What do people mean when they need to “zero a red dot sight” exactly? Zeroing a red dot sight means fine-tuning your optic to be accurate and to be able to place your shots exactly where you want them to be. It’s not as easy as just slapping on a optic to your firearm and being able to immediately accurately hit targets at varying distances right afterwards.
That’s because there’s what is called a point of aim and point of impact. These factors come into play when we work on zeroing our red dot, or any other optic so let’s have a look at a few different methods to do this.
There are a number of ways to zero your red dot or optic The same principles will apply to any firearms optics. Let’s have a look at a few to get you on the paper so you don’t have to waste a ton of ammo in these times of ammo shortages.
Boresighting involves taking the upper off your AR15 and keeping it steady on a bipod or rifle clamp. Aim at the target by looking through the rifle bore itself and then we use our optic’s elevation and windage dials to adjust the red dot to get as close to our target’s center as possible.
Proper bore sighting technique ensures you will at least be on paper with your shots saving ammo and time. After boresighting, re-assemble your rifle and then fine tune your red dot optic zero with several actual shots on paper. It’s an old school method which can save you some rounds but if you make a mistake it’s very easy to still end up spending more rounds than necessary for this task.
Laser Bore Sights
Laser boresighting is a great way to save even more ammo! A laser boresight comes in the shape of the caliber you choose and fits right in your firearm’s chamber. Close the chamber and aim at the bullseye on your target then simply adjust your red dot or reticle to align perfectly with the laser dot on the target.
We recommend firing the weapon like normal after laser boresighting, to ensure you are perfectly zeroed. Consider using sandbags or a bench rest for maximum stability as you fire off your confirmation shots.
Using MOA Targets
Photo Credit: MOA Paper Target from Freedom Gun Targets.
Regardless of which technique you choose to use, you should always be using MOA paper targets to shoot on when zeroing any optic for your firearm. MOA is an acronym for “Minute of Angle”. Think about it this way - MOA is a consistent angle from point of angle to point of impact. 1 minute of angle is measured as roughly 1 inch at 100 yards. When you hear that a rifle is capable of 1 MOA the claim actually is that the rifle is capable of shooting a grouping where all rounds hit within 1 inch at 100 yards.
We use MOA paper targets because they are extremely useful when zeroing your red dot optic due to their marked increments of 1 MOA. You can utilize this with your optic to know how many clicks to adjust with your elevation and windage dials.
If you take a look at the MOA paper target above, it’s calibrated for ½ MOA adjustments per click. Every optic is different. Some optics are 1MOA per click while others can be 1MOA per 2, 4, or even 8 clicks. It depends on the optic! So keep that in mind when you are downloading targets like this to be printed out if you are buying them online.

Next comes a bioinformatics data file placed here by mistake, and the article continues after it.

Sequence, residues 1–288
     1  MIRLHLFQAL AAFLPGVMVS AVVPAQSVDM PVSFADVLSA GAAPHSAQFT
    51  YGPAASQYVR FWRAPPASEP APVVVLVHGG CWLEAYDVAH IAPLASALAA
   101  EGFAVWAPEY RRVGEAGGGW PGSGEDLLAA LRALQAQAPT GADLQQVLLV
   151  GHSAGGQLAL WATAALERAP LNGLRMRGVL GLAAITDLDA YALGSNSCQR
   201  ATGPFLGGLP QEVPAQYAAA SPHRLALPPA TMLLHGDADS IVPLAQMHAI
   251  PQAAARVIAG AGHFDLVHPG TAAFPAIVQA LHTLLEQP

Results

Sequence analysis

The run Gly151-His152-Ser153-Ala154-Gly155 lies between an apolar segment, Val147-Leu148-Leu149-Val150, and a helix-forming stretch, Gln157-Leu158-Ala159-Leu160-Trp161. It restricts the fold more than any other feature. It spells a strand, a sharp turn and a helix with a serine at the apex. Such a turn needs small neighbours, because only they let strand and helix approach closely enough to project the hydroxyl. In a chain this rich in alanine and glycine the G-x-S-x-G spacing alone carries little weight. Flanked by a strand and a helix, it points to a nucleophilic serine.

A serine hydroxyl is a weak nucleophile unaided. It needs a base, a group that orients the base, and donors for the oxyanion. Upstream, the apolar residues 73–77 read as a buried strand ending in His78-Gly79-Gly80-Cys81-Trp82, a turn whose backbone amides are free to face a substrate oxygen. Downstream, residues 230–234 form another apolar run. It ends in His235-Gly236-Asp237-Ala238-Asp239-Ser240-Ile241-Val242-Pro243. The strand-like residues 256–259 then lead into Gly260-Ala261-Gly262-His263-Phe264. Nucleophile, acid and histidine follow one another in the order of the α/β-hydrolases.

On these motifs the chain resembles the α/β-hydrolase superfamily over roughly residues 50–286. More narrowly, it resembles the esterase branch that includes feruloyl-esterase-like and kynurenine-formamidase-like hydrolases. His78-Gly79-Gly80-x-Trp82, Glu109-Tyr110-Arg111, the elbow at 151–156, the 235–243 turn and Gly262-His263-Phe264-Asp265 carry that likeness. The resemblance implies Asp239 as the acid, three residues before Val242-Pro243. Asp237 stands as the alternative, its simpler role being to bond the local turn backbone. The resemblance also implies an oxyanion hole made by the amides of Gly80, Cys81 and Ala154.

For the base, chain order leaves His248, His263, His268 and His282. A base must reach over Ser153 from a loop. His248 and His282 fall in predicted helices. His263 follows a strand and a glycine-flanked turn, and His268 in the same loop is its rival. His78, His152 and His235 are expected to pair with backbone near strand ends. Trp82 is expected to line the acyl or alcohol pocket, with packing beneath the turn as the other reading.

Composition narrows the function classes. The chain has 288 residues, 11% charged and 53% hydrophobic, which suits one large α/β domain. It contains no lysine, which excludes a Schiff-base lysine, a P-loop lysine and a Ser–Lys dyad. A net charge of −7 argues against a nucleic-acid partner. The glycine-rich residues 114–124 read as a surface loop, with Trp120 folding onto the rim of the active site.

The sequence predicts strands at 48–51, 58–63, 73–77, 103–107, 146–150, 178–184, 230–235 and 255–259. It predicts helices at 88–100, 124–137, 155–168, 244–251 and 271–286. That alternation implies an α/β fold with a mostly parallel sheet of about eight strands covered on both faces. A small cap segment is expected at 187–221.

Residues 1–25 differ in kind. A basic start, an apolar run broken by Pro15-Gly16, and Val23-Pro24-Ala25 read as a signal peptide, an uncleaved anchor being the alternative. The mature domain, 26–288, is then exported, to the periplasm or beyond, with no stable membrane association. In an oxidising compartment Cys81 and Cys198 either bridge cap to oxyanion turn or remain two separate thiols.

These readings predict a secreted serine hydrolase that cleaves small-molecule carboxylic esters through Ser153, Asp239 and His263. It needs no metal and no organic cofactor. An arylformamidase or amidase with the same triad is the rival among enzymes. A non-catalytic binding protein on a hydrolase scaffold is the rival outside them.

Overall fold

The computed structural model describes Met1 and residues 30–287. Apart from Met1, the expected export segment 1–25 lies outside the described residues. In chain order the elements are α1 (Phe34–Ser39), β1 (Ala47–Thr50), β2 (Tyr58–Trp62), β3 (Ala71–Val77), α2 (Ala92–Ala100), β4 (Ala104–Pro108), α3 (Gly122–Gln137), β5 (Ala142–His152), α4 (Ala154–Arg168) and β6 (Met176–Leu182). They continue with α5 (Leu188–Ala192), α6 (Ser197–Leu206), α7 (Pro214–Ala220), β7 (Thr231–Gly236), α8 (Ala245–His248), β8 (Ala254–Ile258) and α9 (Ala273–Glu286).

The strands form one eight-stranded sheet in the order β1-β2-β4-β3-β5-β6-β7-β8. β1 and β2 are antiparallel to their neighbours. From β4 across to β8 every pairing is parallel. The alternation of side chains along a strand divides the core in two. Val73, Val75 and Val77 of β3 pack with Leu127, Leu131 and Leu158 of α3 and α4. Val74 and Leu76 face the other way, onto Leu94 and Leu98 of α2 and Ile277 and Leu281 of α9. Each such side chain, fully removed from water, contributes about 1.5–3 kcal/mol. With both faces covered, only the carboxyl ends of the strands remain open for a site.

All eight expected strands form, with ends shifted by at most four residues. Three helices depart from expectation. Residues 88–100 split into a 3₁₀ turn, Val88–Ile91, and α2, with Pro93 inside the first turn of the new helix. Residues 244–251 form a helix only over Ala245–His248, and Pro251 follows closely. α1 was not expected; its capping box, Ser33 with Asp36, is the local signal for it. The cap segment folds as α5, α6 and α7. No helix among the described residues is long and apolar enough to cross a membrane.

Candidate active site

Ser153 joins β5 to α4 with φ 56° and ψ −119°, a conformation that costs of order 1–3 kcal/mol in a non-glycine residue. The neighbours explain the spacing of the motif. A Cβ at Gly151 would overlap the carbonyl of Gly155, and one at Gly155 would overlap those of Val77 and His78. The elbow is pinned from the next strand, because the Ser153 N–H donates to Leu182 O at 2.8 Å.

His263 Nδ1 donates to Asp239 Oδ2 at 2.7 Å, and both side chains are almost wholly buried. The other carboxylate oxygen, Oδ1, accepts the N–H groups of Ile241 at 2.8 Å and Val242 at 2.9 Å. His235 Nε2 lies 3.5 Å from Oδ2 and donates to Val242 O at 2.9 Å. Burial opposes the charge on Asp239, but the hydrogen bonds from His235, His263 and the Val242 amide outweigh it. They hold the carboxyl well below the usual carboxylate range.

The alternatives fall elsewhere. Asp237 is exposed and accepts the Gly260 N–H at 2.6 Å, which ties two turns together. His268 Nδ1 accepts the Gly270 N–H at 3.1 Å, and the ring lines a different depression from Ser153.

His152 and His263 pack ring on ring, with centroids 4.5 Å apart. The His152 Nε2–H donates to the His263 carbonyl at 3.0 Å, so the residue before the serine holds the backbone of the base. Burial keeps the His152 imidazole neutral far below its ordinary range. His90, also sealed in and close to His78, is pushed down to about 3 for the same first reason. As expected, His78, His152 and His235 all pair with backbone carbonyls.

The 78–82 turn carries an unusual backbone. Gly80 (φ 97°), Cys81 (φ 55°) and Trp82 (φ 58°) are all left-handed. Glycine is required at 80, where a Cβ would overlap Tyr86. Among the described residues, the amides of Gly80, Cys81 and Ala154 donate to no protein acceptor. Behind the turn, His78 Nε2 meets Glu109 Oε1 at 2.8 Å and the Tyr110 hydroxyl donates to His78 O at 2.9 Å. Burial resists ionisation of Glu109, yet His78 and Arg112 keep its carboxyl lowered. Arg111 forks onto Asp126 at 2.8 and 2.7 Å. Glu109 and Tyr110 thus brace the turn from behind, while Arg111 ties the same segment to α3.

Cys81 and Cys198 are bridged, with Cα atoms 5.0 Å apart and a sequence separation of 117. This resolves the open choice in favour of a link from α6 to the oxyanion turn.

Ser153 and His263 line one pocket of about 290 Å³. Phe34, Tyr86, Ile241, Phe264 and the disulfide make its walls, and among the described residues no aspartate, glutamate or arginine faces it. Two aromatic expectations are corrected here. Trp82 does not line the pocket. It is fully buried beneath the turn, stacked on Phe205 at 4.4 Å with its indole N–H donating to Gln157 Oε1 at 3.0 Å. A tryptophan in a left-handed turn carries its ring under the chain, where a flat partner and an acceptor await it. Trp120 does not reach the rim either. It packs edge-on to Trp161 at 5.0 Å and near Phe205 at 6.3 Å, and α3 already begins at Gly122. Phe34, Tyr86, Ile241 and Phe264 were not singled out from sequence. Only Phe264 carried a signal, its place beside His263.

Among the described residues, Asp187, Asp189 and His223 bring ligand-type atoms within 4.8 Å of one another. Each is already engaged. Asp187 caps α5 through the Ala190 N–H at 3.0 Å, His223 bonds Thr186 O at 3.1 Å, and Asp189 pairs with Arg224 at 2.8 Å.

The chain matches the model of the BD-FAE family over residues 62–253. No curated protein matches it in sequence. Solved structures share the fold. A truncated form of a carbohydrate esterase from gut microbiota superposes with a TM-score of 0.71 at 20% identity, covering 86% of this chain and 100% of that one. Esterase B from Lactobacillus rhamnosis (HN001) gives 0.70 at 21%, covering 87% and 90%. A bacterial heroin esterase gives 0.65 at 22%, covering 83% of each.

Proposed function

What Distance should I Zero my Red Dot Sight at?
Any decent gun content creator online will tell you that when we think about red dot sight zero distances we have to consider what our intended application is. Do you plan on running a 3x magnifier? Will you be using any night vision or thermal/infrared devices? Once you answer these questions, the zero distance that is best for you becomes quite clear. Here, we’ve provided some basic examples of who might be using these zero distances.
15 or 25 yard zero
For pistol shooters with red dot sights the 25 and 15 yards zeros are most popular due to the chances of using the gun outside that range is very slim. If you zero for 25 yards you will notice the same shots will be hitting in the same place on the target due to a lack of bullet drop.
25/200 Meter Zero
25 meter zero is what the U.S. Army uses for their rifles. If you zero at 25 meters the point of aim and impacts will be the same at 300 meters. Due to the size of the Army’s Infantry they had to come up with a quick and efficient way to train their riflemen. This is an excellent way to zero your rifle if you need it in competitions or to be versatile when engaging targets at further distances.
50/200 Yards Zero
In general, this is quite possibly the most popular red dot sight zero distance for both civilians and law enforcement officers. Again, what this means is that if zeroed properly - a target at 50 yards and at 200 yards will require no holdovers or holdunders when aiming at it to get a bullseye shot. Conversely, if you aim at targets below 50 yards you might need to use a holdunder. Targets further out than 200 yards would require a holdover to get your shots on target.
Zero Your Next Build with 5D Tactical!
Don’t forget to bring a spotting scope, binoculars or a rangefinder when you head out to zero your red dot optics. Think about what ranges you will be using your weapon at and go from there! Remember to always train with your weapon or none of this actually will matter! Once you get your build zeroed and dialed, why not start on another build? Check out our 80% build kits here! Until next time.